Fiction vs. Fact

What is better: A true story, or a fictional story? I think the logical answer is that it depends on the story itself.  Why do we tell stories? Perhaps it’s because we are social, intelligent animals. We like knowing there’s hope when there seems to be none; we like knowing we are not alone; we like knowing we can defeat the giant though we are small.

Stories, true or fiction, are of the past (or at least written like they already occurred), and they tell our subconscious that we can make anything we want happen, because it happened to this or that character. We can get the girl we want, we can go from rags to riches, we can survive the illness. We’re social creatures, not calculating creatures. Animals, not machines. We get our hope from stories, not equations. A machine would submit to the odds if they knew the odds were against them; whereas we humans can still choose to fight the odds in spite of knowing they’re against us.

I love the story of Jesus, even though I am an atheist. I was raised Christian. I was immersed in all things Christianity since childhood. I may have stopped believing any of it is true, but that didn’t stop me from loving the story. There was a short period of time, when I transitioned from Christian to atheist, when I went around asking my religious friends/family whether or not it even mattered if the story of Jesus was true. I asked them, “Why must it be true to want to follow that example?”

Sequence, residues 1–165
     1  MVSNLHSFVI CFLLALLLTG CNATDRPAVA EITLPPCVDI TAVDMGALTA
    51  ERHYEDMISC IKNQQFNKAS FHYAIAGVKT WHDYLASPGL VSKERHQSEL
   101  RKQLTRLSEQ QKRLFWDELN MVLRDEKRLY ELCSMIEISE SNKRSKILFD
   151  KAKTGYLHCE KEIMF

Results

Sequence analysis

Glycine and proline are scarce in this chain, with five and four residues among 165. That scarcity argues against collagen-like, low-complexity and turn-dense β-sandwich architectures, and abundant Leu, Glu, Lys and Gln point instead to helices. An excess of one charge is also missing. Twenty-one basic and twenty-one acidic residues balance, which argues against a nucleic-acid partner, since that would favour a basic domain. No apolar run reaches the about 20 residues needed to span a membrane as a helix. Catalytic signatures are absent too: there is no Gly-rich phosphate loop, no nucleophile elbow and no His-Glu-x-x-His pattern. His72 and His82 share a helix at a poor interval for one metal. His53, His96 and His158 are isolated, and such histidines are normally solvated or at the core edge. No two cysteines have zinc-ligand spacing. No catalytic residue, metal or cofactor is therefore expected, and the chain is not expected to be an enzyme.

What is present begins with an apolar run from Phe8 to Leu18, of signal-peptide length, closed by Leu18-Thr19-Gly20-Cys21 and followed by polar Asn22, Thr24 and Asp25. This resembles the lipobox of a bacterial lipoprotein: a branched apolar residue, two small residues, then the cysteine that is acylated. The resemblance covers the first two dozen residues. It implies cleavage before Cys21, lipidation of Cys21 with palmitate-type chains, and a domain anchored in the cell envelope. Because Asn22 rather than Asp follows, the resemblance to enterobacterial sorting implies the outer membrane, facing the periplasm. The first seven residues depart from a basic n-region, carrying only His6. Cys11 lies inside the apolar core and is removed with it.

Sure, Jesus taught that eternal fire awaits anyone who doesn’t follow him, but he also taught that it is better to love than to hate. We shouldn’t seek retribution against those who steal from us, but instead give them something else to take. Masters should wipe their servants’ feet. We should forgive all, even if they torture us and hang us up on a post to die. An example I try to follow, even though I know I could never be that loving or forgiving.

The character in a story doesn’t have to be real in order for them to be real to you.

I love my own characters as if they are my own children, the good ones and less-good ones alike. I wrote my Remnant series solely from the perspectives of the characters. I made them real to me, even if they have never had flesh and bone outside of the pages. It’s my experience in writing stories that I encourage everyone to try it for themselves sometime. It doesn’t detach you from reality; I think writing stories actually makes you more aware of reality. Stories can teach us all things, even if we are the ones writing them.

So, in the end, there’s no objective right or wrong answer to the question. True stories help, of course, because there’s the added benefit of knowing, well, that these events really happened (unless it’s a Hollywood ‘true’ story). But fiction can have just as much of an impact. I prefer true stories and stories that at least could happen, even if they did not. What are your thoughts?

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